Coming Out to others
Deciding to come out is a very personal choice, the best time is whenever feels best to you.
Although ‘coming out’ can occur in a variety of ways and settings, even when you least expect it, we have compiled the following tips which might be useful for you if you are considering taking the plunge!
* Ask yourself why you are coming out to a particular person or persons.
When you begin to come out to people, or when you have made some gay/bi/trans friends, you may experience excitement and elation – the ‘scream it from the roof tops’ feeling. Cherish this – you have everything to be proud of, but maybe not everyone needs to know your sexuality. Think about who you are planning or want to come out to. Is it a family member, a friend or an acquaintance? Do you need to come out to that person at this moment?
Although for many people there is no ‘right’ or ‘wrong’ time to come out, planning exactly when you are going to tell someone is well worth thinking about. Are you going to have adequate time afterwards to discuss it further or to answer any questions the person may have? Will you have the full attention of the person or are they pre-occupied with something else?
* Where to tell?
Location can be important too. To allow for conversation afterwards pick somewhere that will give you privacy with minimal risk of any interruptions. If it’s someone that you think may react favourably to your disclosure the location is probably less important. However, if you in any way expect negativity you are probably best sticking to a location where you feel safest.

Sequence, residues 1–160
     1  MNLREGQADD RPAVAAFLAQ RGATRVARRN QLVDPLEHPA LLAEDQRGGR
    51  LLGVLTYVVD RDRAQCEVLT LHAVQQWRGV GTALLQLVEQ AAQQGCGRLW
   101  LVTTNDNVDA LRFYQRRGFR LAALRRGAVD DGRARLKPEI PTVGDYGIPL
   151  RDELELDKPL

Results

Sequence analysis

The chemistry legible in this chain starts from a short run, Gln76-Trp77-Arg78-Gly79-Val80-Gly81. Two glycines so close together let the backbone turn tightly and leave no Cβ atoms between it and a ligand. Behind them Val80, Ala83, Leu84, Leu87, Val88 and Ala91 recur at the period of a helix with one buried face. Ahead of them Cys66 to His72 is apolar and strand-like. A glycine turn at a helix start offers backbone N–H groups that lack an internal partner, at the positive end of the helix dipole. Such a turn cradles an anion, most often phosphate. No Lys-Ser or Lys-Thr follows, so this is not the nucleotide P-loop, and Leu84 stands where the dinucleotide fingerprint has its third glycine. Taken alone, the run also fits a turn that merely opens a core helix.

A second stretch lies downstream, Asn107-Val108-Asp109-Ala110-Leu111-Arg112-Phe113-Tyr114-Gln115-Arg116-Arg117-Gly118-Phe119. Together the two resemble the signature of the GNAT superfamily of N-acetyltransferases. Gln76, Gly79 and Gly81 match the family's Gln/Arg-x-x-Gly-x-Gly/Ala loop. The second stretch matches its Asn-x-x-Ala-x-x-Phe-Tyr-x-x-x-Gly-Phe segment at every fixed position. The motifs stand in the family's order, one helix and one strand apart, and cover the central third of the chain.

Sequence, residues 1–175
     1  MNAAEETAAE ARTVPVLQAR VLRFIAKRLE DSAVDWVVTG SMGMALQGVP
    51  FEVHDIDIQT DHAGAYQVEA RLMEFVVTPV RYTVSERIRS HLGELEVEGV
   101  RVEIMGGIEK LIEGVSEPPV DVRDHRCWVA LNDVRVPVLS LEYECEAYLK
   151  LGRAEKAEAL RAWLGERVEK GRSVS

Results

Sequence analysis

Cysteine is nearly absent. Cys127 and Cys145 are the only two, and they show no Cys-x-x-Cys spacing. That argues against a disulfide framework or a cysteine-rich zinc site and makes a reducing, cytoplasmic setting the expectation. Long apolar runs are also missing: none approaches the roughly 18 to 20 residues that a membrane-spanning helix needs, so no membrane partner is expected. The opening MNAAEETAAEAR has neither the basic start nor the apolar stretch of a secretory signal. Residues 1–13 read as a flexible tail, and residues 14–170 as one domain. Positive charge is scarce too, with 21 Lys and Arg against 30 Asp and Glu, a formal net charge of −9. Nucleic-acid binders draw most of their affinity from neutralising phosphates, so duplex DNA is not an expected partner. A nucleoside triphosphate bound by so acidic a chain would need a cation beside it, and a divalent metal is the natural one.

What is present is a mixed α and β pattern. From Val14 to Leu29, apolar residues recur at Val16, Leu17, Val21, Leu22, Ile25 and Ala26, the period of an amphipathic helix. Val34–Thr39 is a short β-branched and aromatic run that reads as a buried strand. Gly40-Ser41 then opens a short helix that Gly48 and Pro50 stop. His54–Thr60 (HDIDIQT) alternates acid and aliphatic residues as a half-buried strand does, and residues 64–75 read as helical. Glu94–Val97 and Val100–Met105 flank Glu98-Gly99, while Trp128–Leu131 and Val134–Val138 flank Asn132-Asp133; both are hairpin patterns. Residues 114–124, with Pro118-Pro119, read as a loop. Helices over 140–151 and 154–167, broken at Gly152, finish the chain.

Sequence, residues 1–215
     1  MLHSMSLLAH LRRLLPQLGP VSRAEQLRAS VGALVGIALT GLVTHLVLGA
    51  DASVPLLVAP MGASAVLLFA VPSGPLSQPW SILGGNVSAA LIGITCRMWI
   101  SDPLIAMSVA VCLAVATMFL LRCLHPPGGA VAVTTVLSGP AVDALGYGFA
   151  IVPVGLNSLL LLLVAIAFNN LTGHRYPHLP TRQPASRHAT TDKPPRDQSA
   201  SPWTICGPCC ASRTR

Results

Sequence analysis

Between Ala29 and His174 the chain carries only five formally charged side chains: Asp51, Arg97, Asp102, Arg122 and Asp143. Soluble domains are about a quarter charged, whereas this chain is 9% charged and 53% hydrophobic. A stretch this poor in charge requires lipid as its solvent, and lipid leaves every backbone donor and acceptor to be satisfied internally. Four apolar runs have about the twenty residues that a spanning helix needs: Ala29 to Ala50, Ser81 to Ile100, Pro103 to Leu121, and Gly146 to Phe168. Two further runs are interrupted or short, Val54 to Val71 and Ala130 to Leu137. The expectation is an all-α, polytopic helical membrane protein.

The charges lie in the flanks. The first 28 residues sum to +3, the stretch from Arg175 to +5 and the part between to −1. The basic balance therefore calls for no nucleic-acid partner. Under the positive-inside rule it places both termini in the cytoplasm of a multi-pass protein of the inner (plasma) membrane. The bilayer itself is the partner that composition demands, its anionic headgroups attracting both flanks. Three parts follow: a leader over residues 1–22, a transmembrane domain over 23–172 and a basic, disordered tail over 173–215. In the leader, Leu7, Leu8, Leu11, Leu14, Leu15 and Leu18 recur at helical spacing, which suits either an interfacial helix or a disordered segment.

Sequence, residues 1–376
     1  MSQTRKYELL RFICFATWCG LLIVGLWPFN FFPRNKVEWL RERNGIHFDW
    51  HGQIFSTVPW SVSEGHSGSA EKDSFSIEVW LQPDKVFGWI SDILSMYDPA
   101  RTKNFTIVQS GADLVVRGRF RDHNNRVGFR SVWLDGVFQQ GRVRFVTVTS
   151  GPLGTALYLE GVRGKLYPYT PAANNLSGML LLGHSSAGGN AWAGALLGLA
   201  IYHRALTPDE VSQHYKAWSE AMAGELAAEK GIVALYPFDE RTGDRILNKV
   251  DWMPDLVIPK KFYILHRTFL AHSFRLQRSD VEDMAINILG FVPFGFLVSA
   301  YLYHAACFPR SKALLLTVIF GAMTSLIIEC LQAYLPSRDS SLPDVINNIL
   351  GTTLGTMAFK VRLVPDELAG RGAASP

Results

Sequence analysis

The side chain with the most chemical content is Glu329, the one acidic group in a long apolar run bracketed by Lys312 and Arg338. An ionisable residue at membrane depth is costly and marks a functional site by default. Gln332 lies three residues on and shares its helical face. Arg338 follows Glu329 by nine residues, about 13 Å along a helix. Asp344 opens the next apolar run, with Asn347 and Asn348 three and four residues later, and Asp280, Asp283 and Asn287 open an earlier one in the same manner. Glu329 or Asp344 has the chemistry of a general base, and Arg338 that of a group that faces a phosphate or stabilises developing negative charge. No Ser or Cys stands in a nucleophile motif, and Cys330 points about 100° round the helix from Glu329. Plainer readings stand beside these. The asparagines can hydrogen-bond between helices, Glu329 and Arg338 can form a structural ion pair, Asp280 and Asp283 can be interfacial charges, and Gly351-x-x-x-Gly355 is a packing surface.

* Time To Digest
Remember that you have had time to think about what you want to say. The person you are telling has not. Depending on your relationship with them they may have suspected already, but even if this is the case it may still take time for it to sink in with them. Don’t automatically expect an extreme reaction either, the person you are telling may be slow to react. This could be because they fear offending or embarrassing you as much as anything else.
Having resources to hand them is also useful. Have a look at the parents section on our site here for info for parents here. Also please contact us and we can send you more booklets.
* Talk to others
Talk to other LGBT young people about the fears, expectations and reactions they experienced when coming out. Come along to one of our youth groups or call to talk to a youth worker. You can also use the forums on this site to get in touch!